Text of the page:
About Sir Patrick Alfred Caldwell-Moore
Sir Patrick Moore, who died on December 9th 2012, was a man of extraordinary gifts who led a remarkable life. He was born in 1923, in the same year as the BBC was founded, and for more than half a century Patrick’s career represented the BBC at its very best.
The BBC’s ethos was to educate, to inform and to entertain – and all three came naturally to Patrick – often at the same time and in the same sentence. He was much loved by viewers as a musician and entertainer, had a mischievous sense of humour and could more than hold his own as a comedian with the likes of Morecambe & Wise and the Two Ronnies, but Patrick was also an enthusiastic communicator of science to the widest possible audience.
He was a distinguished astronomer but completely self-taught and always prided himself on being “just an amateur” while enjoying the recognition and respect of fellow scientists from all over the world. As a young man Patrick had played a key part in mapping the Moon and thereby he made possible the space missions and lunar explorations of both the USA and USSR. As a broadcaster he reported NASA’s Apollo missions and their manned landings on the Moon and he communicated these to his television audience with the boyish enthusiasm which stayed with him all his life.
From the first broadcast in 1957 Sir Patrick went on to present The Sky at Night for over 55 years – making this the longest-running TV series anywhere in the world with the same presenter. As such, he introduced generations of people to the marvels of the night sky and by doing so changed countless lives by encouraging people to look up at the night skies and wonder.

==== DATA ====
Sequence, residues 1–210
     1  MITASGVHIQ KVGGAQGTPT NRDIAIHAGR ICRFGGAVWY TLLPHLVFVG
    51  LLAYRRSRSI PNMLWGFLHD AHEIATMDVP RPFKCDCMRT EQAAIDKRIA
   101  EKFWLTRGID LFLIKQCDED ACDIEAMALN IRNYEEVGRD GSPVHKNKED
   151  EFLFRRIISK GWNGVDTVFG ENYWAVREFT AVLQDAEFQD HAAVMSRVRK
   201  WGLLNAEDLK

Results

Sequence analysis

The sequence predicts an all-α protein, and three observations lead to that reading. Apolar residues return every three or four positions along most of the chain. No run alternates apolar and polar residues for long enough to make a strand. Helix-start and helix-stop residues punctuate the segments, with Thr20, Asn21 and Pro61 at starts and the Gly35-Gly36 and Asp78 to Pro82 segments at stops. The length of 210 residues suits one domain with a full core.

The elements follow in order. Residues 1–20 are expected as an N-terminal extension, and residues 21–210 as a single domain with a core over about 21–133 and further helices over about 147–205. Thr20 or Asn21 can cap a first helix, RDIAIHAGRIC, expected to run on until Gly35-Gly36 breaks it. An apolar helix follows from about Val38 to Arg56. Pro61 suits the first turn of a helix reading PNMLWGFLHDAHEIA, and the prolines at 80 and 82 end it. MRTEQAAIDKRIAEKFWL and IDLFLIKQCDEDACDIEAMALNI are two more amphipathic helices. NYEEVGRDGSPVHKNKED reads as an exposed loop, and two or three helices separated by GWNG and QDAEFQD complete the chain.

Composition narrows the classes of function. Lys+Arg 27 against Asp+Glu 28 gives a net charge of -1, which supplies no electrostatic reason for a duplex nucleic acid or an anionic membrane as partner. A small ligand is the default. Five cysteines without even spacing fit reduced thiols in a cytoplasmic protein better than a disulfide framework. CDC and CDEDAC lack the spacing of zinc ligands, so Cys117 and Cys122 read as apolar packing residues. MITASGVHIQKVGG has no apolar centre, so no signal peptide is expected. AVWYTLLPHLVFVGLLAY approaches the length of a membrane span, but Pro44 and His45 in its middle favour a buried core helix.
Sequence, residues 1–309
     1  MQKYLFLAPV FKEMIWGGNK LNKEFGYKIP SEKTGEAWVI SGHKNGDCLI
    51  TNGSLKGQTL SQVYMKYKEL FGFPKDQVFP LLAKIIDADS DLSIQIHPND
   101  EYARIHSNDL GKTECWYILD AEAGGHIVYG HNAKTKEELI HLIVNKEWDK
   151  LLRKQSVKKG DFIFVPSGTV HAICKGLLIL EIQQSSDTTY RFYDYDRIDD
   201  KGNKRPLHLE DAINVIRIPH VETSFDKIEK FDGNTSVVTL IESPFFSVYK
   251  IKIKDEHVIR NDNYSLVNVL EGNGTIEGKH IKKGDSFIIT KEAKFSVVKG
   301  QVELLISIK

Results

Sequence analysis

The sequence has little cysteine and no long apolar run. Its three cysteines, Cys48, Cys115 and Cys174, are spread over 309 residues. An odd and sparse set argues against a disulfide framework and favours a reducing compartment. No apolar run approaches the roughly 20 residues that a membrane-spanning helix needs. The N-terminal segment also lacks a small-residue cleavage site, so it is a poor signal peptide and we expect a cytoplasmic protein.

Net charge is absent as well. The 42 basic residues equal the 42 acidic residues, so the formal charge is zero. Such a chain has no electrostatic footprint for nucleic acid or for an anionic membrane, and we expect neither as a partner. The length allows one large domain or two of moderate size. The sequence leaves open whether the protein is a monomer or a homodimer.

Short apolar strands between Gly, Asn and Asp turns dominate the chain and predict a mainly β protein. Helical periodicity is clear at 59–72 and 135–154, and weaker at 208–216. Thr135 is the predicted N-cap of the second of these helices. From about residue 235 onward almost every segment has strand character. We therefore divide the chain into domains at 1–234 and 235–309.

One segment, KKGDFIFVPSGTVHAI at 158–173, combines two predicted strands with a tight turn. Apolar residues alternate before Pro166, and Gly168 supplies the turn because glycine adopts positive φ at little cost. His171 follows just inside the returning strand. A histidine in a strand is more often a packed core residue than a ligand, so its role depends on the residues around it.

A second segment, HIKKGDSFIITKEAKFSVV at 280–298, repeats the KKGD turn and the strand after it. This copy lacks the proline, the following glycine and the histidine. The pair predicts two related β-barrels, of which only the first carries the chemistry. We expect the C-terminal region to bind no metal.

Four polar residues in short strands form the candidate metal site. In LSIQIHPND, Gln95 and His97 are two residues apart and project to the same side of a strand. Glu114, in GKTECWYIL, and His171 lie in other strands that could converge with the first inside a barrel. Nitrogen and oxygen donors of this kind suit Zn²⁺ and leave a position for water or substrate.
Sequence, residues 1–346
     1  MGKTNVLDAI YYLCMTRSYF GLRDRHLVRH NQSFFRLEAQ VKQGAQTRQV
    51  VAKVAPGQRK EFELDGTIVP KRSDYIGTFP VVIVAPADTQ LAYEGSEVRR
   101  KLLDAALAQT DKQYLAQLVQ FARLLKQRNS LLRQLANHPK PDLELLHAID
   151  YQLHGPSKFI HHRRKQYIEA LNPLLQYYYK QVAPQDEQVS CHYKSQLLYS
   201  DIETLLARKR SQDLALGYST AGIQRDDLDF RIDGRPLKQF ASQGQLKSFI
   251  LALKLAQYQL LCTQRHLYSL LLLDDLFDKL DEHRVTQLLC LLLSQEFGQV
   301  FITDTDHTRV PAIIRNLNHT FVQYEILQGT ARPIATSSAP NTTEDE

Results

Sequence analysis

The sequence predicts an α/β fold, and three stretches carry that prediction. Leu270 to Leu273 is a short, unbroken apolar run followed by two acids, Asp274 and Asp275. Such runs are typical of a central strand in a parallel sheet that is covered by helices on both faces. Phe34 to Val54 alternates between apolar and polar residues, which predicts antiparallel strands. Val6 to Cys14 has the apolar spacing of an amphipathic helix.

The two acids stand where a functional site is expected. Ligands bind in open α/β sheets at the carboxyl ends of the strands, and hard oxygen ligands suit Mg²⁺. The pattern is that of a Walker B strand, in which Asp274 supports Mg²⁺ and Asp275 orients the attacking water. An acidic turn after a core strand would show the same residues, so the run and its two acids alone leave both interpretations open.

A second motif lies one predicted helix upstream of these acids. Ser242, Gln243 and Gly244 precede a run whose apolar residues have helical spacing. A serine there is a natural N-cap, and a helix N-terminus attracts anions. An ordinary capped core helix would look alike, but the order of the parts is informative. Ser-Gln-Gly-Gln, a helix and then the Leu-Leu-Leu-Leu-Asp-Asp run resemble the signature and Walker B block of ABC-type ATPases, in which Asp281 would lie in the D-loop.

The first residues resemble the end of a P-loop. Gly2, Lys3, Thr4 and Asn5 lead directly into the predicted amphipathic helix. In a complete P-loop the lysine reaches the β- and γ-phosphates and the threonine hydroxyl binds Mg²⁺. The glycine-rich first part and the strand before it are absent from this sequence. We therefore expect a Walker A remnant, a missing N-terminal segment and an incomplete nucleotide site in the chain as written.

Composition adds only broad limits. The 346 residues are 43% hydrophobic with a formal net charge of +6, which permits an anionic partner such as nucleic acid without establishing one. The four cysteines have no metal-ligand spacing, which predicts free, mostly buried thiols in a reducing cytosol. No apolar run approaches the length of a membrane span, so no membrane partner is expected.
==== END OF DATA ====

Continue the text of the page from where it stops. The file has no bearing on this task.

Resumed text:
His own life - told here in his own words and with characteristic humility – is where it all began.
The Sky at Night Team
I was born in Pinner, but when I was six months old my parents moved to Bognor (it wasn't Bognor Regis then) and I am essentially a Sussex boy. My father was in the Army - he won the MC in the First World War - but I didn't take after him. My mother was a trained singer and a talented artist too. From her I inherited the music, but not the art!
My education was disjointed. The plan was Prep. School, Eton, Cambridge - I never made any of them. During my boyhood I was handicapped by heart trouble; I managed my Cambridge entrance exams externally, but then came the war, and I joined the RAF as a navigator with Bomber Command (I admit that I wasn't 100% honest about my age or fitness, but when I was found out it no longer mattered, and Flight-Lieutenant Caldwell-Moore was not even told that he had been a naughty boy). At the end of the war I returned home, then to East Grinstead. Cambridge was still open to me, but it meant taking a Government grant, which went against the grain. I prefer to stand on my own feet.
My interest in astronomy went back to the age of 7, and I had several slices of luck; a small observatory was near me, I was able to use it, and I published my first paper (about the Moon) when I was 13. After the war, I wrote a book about the Moon; it caught on, and writing took over my life - farewell, Cambridge! I set up my own observatory, first at East Grinstead and then Selsey, and since then I have been a freelance writer.
My aim was to spread interest about astronomy; in 1957 I began my TV series The Sky at Night, now in its 54th year of an unbroken run. Many leading astronomers and astronauts have joined me. I hope I have achieved my object, but that must be left for others to judge. I have been over most of the world, from Antarctica to Death Valley, so I have seen a great deal.
I won't bore you with personal details. Suffice to say that Lorna, whom I was to marry, was killed by a German bomb when we were both twenty (1943!) and so I remain, very sadly, a bachelor. My mother, to whom I was devoted, stayed with me; she died in 1981. I am now 88, and not very mobile, again thanks to the War. But until the age of 78 I was still playing cricket. I am well looked after in my Selsey home - and do not forget my two all-important cats, Jeannie and Ptolemy!
Patrick Moore, 2011